I have now taught two classes at Geumseong High School, and while they have not been epic failures, they definitely both came with twists.
My first lesson plan revolved around two things: the students asking me questions, and me teaching them about naming conventions as a segue into choosing English names. I had a little handout and a painstakingly compiled list of names for this activity, in which they were to explain the meaning of their Korean name and then choose an English name based on the meaning that best suited them.
As I had to introduce myself, I had the first class ask questions first. No one wanted to volunteer. Fortunately I’d foreseen this and brought some paper squares, which I passed out. “Ask me anything,” I said.
Now, this is a high school containing 80% boys with gender-segregated classes. I knew what was coming, and had left myself open to it on purpose because I had to show them that it wouldn’t get a rise out of me.
The only reason this may have failed was because one boy asked something so utterly ridiculous that I had to laugh — probably leaving every dirty-minded boy in the class to think I was laughing at their “What is your ____ size?” instead the more innocent question that it was.
I liked my second class during this activity, though; I didn’t receive a single inappropriate question. The trade-off? They weren’t really paying attention to my answers. Oh well.
Other very popular questions: “How tall are you?” “Which Korean singers do you like?” and “Do you have a boyfriend?”
Again, this activity went a bit more smoothly in my second class, but by then I’d already had to change the premise a lot. Most of the boys had no idea that their names mean something (Korean names are chosen for meaning and are often meant to be auspicious), effectively ruining that “getting to know you” part of my lesson…
Class one: “Teacher, my name, no mean anything.”
Me: “I think it does. Do you know the Chinese characters?”
Class one: “No, teacher! No Chinese. No mean.”
Me: “Alright, well, just choose an English name.”
Some fifteen minutes passed while they worked in “groups” but actually don’t move from their seats. I walked around, helping out where I could, waking up students who looked like they haven’t slept in three days. When I noticed we were out of time, I told them to pass their papers up.
Other answers filled in, no English name.
So much for giving them name tags next week.
Take 2: Instead of even trying to compare English and Korean names, I went straight to the point: You’re choosing a name with a meaning that suits you. Fill out the paper, turn it in when you’re done.
This time I made my non-workers squirm. “You can’t find a name you like?”
“You don’t like English names?”
“Yeah…” (Meaning no, he doesn’t.)
“Should I pick a name for you?”
“No! Is okay!”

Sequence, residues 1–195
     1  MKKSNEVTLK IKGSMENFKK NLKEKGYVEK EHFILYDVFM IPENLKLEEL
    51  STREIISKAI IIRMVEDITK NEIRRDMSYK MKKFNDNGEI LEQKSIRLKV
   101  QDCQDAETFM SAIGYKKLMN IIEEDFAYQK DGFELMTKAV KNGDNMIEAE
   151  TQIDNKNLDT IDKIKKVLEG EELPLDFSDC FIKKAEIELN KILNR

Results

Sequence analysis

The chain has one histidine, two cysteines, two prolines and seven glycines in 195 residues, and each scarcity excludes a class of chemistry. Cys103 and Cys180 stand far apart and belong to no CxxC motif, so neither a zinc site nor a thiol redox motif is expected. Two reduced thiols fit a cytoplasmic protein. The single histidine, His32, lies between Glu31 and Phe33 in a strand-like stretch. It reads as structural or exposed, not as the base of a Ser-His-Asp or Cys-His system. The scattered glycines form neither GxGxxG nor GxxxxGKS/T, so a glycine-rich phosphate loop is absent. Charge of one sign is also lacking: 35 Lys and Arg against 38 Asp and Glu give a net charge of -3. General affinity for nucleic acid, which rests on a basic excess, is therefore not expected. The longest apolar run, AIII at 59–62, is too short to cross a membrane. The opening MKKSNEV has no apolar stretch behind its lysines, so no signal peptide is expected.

This worked on all but one, who somehow slipped away in the commotion of the period ending.
Oh my god. Each class really does have different dynamics. Where my Monday class was sleep-deprived (likely because it’s an afternoon class) and somewhat perverse, my first Wednesday class had a ton of energy and was never quiet — literally, not for ten full seconds. Thanks to yesterday’s typhoon, I haven’t taught my four Tuesday classes yet, but one of them is supposed to be a fair amount of trouble, while another is full of jokesters on jet fuel.
So, I did feel sorry for my Tuesday classes, since we’ll be meeting about 3/4 as much as any other classes this semester due to holidays… but I got over that soon. 😄 While I know I’m going to love my students, I am, unfortunately, still mildly introverted. So I think that in order to show these kids my best side, it might actually be beneficial not to meet too often, especially with four classes in one day sapping my energy. I’d rather make the most of the little time that we will have together than begrudge it every week.
That being said, discipline is my weakest point as a teacher, as evidenced both today and on Monday. Writing class rules is one thing, but there’s always going to be a situation I can’t prepare for, or that I just don’t know the proper way to handle. Sometimes I just want to laugh with my students instead of punish someone for trying to be funny. It’s a tough balance find, and the line between “fun teacher” and “mean teacher” tends to slide around in the minds of students.
Well, maybe with my next class I’ll get a better feel for it; they’re supposed to be very high-energy.
Update: I feel the need to reiterate this — BOY does each class have its own dynamic! My last class today was great. Lots of energy, but all I had to do was count down from five and I had their full attention for whatever I wanted to say. They are supposed to be a low-level class in comparison to the rest of the school, but they were absolutely wonderful at following directions. Only two or three look like they might require some more strict discipline. But their main thing will be having to overcome their shyness of speaking.